The term cultural capital was coined in the 1930s by the French sociologist Pierre Bourdieu. His theory of society was that inequalities stem from a number of factors:
- Habitus. This describes the knowledge, tastes and attitudes we develop from the environment in which we grow up in, such as what we know, the clothes we wear, the way we speak and our likes and dislikes. Different social classes have a different habitus which means that the more powerful people in society can select ‘those more like me’ for certain roles or positions.
- Fields. Fields are areas in which we display our habitus. For example, we may have grown up in an area where our habitus was to be ‘street smart’. If one works in a field where being street smart is important our habitus will be useful; if we were working in an art dealership it will not. Habitus, therefore, has a different value depending on the field in which one finds oneself. Subjects are an example of fields. One could have a strong mathematical habitus which would serve one well in the subject of mathematics but would be of limited value in art.
- Cultural capital. This is the way society views individuals’ habitus. It is domain-specific in so much as ‘society’ is very diverse. Some may value a habitus that includes knowledge of rap and street art whilst others may value a habitus that includes knowledge of opera and classic portraiture.
Bourdieu’s theory was that inequalities in society reproduce themselves because of cultural capital: because the people in power have become successful because of their cultural capital they go on to value individuals with a similar habitus to themselves; those in charge of education value the things that made them successful and create policies that they believe will help others to develop the habitus that made them successful.
Why is this important in education?
According to many (including OFSTED), high cultural capital is important because of the social inequalities in our country. Because our habitus is in part determined by our upbringing, some students will, because of their home life, develop high cultural capital that universities and employers value and will therefore be at an advantage over those who have a lower cultural capital.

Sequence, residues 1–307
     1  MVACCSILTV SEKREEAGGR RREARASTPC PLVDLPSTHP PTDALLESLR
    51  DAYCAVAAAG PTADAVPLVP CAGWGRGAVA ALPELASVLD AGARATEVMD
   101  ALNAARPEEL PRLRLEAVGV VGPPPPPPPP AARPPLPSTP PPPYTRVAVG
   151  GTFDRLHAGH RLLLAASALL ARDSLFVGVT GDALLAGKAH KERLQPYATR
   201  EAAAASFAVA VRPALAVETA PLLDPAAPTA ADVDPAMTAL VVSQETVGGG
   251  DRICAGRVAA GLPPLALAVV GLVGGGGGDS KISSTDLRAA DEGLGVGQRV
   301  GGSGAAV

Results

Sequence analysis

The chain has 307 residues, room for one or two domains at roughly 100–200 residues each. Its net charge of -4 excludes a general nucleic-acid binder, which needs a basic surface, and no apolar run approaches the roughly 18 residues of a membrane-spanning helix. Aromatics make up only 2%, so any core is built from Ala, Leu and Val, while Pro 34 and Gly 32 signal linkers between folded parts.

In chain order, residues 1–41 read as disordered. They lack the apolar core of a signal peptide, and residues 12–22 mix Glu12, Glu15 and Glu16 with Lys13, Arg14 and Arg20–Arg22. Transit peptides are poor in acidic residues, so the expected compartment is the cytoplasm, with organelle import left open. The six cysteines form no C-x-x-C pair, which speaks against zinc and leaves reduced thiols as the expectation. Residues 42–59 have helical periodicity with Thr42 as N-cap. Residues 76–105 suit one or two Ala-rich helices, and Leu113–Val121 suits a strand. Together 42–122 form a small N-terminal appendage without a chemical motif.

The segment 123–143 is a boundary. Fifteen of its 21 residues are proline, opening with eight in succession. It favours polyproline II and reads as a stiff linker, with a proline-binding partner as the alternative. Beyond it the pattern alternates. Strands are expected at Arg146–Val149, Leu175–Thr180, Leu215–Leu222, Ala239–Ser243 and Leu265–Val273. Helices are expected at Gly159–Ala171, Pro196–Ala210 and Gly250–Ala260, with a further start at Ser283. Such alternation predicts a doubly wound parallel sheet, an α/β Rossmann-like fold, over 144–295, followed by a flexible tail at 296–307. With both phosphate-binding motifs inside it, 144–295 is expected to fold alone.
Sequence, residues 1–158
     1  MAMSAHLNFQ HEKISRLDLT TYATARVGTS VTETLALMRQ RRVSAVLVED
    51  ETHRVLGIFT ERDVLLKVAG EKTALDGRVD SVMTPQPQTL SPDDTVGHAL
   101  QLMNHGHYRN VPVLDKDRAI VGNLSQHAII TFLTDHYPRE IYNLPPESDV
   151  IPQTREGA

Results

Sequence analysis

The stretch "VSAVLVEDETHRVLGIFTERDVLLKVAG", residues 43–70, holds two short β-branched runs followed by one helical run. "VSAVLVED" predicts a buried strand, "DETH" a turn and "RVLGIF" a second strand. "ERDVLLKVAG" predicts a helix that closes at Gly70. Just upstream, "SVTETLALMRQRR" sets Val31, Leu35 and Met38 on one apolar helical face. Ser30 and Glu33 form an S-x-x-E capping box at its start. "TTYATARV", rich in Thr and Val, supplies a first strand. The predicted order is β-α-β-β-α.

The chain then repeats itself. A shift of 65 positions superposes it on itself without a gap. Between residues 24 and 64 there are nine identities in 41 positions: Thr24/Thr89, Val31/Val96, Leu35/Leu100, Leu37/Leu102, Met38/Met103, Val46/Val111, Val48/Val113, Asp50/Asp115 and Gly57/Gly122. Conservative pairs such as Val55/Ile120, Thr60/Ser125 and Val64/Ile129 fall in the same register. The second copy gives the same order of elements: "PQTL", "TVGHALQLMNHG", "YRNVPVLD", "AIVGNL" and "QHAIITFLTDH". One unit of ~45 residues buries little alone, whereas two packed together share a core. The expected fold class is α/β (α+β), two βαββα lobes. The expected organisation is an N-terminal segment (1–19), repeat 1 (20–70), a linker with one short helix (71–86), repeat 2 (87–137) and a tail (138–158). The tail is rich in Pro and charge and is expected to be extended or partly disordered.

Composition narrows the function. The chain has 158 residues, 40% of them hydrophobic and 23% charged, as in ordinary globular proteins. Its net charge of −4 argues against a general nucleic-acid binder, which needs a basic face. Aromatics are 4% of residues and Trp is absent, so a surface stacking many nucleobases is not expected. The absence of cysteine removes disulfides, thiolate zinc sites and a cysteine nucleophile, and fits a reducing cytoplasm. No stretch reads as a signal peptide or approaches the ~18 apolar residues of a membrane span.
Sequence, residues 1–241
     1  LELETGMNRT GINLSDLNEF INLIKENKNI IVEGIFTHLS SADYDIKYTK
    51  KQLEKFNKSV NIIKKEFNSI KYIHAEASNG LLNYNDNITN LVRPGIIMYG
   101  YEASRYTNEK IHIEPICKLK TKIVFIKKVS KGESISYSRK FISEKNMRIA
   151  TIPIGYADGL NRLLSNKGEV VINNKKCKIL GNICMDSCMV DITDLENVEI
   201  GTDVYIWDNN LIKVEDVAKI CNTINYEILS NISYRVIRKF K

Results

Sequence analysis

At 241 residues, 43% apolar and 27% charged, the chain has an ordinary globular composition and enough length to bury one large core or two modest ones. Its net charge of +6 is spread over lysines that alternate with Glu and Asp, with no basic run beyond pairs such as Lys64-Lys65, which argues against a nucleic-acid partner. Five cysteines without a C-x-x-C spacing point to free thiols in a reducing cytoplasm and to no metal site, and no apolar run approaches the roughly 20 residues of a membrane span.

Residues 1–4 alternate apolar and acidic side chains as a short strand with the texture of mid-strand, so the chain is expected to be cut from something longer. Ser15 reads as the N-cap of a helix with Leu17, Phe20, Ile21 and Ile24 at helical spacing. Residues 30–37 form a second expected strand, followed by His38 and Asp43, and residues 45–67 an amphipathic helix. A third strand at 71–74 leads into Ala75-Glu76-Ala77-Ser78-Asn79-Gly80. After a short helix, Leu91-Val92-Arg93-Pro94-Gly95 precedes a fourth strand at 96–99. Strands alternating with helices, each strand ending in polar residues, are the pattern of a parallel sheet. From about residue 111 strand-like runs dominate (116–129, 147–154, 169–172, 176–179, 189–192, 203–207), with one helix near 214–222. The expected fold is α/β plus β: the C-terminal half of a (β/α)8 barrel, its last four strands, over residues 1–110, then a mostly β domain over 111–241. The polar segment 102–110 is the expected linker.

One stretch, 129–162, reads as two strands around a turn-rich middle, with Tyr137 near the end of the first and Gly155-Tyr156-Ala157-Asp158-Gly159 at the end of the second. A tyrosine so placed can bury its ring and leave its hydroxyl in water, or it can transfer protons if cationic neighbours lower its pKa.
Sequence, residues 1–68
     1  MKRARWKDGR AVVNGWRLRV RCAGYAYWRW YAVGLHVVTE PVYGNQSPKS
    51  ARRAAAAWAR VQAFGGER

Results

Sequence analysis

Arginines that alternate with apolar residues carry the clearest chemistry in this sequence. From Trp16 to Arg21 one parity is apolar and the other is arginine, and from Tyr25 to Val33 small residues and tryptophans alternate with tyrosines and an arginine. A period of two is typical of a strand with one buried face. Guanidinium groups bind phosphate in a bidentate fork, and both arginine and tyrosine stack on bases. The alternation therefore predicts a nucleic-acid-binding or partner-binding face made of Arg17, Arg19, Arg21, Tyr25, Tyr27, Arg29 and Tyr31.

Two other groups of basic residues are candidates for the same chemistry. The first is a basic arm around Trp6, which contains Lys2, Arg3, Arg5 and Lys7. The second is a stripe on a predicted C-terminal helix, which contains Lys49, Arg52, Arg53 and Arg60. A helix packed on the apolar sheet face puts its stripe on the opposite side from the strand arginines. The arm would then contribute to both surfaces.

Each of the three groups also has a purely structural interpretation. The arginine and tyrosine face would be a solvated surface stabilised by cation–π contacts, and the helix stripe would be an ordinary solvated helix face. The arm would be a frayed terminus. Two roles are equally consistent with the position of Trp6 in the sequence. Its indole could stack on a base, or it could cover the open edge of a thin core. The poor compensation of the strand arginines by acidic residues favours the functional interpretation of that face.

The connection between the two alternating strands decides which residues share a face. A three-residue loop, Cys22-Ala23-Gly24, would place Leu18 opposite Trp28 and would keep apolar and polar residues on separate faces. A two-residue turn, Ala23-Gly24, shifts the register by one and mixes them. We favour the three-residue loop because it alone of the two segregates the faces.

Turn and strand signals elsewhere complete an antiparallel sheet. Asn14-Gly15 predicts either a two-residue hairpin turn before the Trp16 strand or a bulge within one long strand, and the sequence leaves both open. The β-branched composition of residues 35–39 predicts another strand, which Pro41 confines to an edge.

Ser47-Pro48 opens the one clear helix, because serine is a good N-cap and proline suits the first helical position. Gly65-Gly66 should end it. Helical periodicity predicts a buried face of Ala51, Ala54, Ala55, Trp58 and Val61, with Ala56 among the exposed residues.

By planning for cultural capital within the curriculum schools can help those students who may otherwise not have a high cultural capital and, in doing so, help reduce social inequalities.
Some argue that this makes the curriculum take on a more middle-class nature valuing, for example, classic literature (by mostly white males) over contemporary works from a diverse range of writers. Some even go as far as dismissing the notion of cultural capital as ‘posh knowledge’.
However, many agree that all students should be allowed the opportunity of social mobility that is afforded by high cultural capital. This is why it has recently become part of the way schools are judged.
There have been many mis-interpretations of the term cultural capital. Most frequently, the term has been interpreted as ‘the experiences our students have had in their lives’, such as holidays abroad, museum visits or trips to the seaside. Whilst we are all the sum of our experiences, and whilst these things certainly affect one’s outlook on life, they are not quite the same as cultural capital.
To really understand what cultural capital education is the terms ‘habitus’ and ‘fields’, mentioned above, become very important. One may have a habitus in the field of literature that involves only the latest popular children’s writers or one that involves classic fiction over many years. In the field of literature, the latter is more valued by universities and top employers because a similar habitus served them well. One may ‘like’ the subject of art and have a habitus that reflects this, but one who has a habitus that includes knowledge of art history and the important movements, ideas and artworks will have a higher cultural capital.
Cultural capital should therefore be best seen as valuable subject-specific knowledge rather than life experiences; life experiences, such as visiting an art gallery, theatre or museum, are valuable but not the same as cultural capital.
Here is a quick table of examples of cultural capital versus excellent experiences but not cultural capital:
For more insight into cultural capital keep an eye out for our forthcoming online training in curriculum design.